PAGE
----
JNJ Stock Up 0.53% in Pre-market as U.S. Gives Johnson & Johnson $1B for Its Vaccine

UTC by Teuta Franjkovic · 3 min read
JNJ Stock Up 0.53% in Pre-market as U.S. Gives Johnson & Johnson $1B for Its Vaccine
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The U.S. government has reached a deal with Johnson & Johnson to secure 100 million doses of its experimental coronavirus vaccine. JNJ stock is up.

American multinational corporation Johnson & Johnson (NYSE: JNJ) revealed its plans to develop and deliver 100 million doses of its anti-COVID vaccine for the U.S. in a deal that could be worth over $1 billion, according to the official statement. J&J vaccine candidate Ad26.COV2.S should begin late-stage human trials before the company previously planned – already in September. This deal offers the U.S. the option to order an additional 200 million doses, according to the announcement

Dr. Paul Stoffels, chief scientific officer at Johnson & Johnson, said:

“We are scaling up production in the U.S. and worldwide to deliver a SARS-CoV-2 vaccine for emergency use.”

Meanwhile, at the time of writing, JNJ stock was rising in the pre-market by 0.53% to $149.18 after climbing 0.80% yesterday.

Focusing on Providing Johnson & Johnson Vaccine Globally

The thing is that the U.S. government had already given Johnson & Johnson $456 million in order to make its vaccine in an alliance with the Biomedical Advanced Research and Development Authority or BARDA. The company explained its main focus is on supplying more than one billion doses globally in 2021.
The doses will be free to all American citizens if they’re used in a Covid-19 vaccination campaign, the U.S. Department of Health and Human Services said in a separate press release. However, health-care professionals could charge for the cost of administering the vaccine, HHS said.

According to the statement, Janssen Pharmaceutical, which is owned by Johnson & Johnson, is developing the vaccine.

Be it as it may, J&J is only one of the many companies that have made an arrangement with the U.S. in order to supply their potential coronavirus medicine after they get federal approval. The U.S. also said last week it will pay drugmaker Sanofi and GlaxoSmithKline up to $2.1 billion to develop and deliver 100 million doses of their potential vaccine.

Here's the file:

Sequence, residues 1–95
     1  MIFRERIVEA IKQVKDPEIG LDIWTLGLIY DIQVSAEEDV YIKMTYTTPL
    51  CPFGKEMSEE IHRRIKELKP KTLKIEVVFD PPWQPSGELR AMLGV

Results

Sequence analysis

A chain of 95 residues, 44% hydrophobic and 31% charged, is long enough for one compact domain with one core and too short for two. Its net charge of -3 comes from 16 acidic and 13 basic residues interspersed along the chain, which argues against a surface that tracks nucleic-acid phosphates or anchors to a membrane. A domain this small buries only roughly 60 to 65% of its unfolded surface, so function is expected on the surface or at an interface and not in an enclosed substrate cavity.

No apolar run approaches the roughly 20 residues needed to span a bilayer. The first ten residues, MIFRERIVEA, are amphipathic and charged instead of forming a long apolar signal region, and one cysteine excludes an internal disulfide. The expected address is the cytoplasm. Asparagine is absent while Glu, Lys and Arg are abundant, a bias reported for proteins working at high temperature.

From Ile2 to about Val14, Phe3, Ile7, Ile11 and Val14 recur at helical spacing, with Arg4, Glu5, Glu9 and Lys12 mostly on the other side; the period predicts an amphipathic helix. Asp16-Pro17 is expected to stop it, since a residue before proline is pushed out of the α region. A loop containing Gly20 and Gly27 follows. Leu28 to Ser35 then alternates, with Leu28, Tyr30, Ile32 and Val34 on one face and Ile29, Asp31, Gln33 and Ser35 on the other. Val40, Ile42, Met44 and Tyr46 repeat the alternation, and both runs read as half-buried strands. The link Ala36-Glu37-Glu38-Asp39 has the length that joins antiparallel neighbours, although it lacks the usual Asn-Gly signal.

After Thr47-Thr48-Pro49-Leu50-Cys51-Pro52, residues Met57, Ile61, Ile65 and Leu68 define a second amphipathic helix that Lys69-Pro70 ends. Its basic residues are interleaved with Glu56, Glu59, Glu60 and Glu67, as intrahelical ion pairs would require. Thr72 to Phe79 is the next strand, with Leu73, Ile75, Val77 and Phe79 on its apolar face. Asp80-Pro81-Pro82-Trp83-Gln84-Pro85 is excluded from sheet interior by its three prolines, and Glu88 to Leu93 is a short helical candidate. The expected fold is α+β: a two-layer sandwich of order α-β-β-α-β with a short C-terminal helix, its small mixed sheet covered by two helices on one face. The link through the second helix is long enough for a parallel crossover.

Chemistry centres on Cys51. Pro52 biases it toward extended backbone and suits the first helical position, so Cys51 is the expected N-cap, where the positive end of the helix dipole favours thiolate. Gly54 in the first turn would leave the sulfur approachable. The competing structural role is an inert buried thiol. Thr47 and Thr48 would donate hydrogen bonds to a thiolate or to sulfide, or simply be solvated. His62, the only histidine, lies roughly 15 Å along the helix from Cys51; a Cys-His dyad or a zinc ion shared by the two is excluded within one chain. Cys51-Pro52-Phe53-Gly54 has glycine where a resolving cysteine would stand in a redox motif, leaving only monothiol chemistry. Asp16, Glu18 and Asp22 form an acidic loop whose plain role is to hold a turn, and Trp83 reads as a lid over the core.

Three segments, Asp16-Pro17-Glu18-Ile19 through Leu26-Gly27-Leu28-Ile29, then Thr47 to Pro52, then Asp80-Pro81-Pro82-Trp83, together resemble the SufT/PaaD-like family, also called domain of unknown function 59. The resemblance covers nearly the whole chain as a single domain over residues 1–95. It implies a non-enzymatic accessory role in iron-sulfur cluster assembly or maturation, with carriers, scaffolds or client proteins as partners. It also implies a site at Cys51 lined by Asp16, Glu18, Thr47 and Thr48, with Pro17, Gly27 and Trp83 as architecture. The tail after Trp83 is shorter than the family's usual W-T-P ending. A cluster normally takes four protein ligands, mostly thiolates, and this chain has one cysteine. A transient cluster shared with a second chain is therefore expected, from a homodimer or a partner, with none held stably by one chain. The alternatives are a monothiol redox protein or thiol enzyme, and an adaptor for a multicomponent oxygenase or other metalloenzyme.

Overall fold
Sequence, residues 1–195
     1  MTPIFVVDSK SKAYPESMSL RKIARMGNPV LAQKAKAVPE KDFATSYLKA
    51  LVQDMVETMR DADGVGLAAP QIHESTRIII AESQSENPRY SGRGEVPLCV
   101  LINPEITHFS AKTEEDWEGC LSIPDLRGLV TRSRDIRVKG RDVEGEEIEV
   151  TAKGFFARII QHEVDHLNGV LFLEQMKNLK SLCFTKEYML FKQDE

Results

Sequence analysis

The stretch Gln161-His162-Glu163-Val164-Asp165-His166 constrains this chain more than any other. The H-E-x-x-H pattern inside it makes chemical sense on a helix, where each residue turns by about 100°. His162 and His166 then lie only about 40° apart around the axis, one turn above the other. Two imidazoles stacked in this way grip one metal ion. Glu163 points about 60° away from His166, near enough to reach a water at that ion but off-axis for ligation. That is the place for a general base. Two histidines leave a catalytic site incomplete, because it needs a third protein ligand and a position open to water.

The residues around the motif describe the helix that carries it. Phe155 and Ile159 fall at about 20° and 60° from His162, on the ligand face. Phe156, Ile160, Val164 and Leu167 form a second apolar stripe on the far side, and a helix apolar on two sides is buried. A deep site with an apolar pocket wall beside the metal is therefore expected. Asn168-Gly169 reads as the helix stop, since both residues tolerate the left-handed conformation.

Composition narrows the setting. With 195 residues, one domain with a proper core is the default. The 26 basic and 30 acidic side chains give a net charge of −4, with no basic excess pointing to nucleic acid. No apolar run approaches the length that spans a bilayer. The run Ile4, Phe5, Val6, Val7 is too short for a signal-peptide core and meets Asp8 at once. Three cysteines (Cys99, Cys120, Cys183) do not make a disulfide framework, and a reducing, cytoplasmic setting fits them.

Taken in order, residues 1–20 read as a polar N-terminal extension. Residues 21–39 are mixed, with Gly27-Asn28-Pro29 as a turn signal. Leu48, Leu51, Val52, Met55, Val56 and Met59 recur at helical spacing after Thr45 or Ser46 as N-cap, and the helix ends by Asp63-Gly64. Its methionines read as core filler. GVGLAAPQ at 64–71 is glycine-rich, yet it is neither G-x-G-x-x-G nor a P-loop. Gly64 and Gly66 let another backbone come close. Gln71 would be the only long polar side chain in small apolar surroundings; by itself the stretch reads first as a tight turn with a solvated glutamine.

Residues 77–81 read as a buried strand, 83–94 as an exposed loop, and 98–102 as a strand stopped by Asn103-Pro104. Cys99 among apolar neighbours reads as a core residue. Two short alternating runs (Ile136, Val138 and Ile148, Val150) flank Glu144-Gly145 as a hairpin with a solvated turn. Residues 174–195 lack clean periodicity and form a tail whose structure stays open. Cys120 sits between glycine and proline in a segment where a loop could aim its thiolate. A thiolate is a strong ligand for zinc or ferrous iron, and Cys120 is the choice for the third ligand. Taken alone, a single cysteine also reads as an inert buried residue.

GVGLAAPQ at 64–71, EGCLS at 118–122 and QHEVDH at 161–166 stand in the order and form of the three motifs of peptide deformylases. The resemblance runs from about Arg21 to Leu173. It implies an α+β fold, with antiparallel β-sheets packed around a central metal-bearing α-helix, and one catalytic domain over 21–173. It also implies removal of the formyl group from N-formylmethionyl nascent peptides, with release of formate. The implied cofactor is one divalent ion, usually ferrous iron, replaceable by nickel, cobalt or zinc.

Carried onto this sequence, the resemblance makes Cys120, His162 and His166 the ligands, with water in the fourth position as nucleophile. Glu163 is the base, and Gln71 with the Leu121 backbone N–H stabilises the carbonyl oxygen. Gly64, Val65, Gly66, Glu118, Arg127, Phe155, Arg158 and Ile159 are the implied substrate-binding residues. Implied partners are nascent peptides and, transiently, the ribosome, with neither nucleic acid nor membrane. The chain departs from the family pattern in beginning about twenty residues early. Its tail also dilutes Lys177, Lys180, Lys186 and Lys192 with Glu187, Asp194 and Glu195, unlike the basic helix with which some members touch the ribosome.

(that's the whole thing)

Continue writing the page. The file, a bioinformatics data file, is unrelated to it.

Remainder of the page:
The U.S. obviously wants to be the first to have this vaccine so it pays almost any company that asked for help just to be sure it will keep it inside its borders. It also pledged to pay Pfizer and biotech firm BioNTech $1.95 billion to produce and deliver 100 million doses of their Covid-19 vaccine if it proves safe and effective, the companies announced in late July.

J&J’s vaccine candidate, Ad26.COV2.S, is using the same technology it used to make its experimental Ebola vaccine, which was provided to people in the Democratic Republic of Congo in late 2019.

Increasing Its Full-Year Guidance

Last month, Johnson & Johnson reported their quarterly earnings according to which sales of $18.3 billion reflected a decline of 10.8%, an operational decline of 9.0% and an adjusted operational decline of 8.8%, primarily driven by the negative impact of the COVID-19 pandemic.

EPS stood at $1.36 and has decreased 34.6% while the adjusted EPS stood at $1.6, meaning it fell by 35.3%. According to the company, 2019 included a gain from the sale of Advanced Sterilization Products (ASP) business. The company, however, increased its full-year sales and EPS guidance.

Alex Gorsky, Chairman and Chief Executive Officer, admitted that their Q2 results reflect the impact of COVID-19 and the enduring strength of our Pharmaceutical business, where the company saw continued growth even in this environment.

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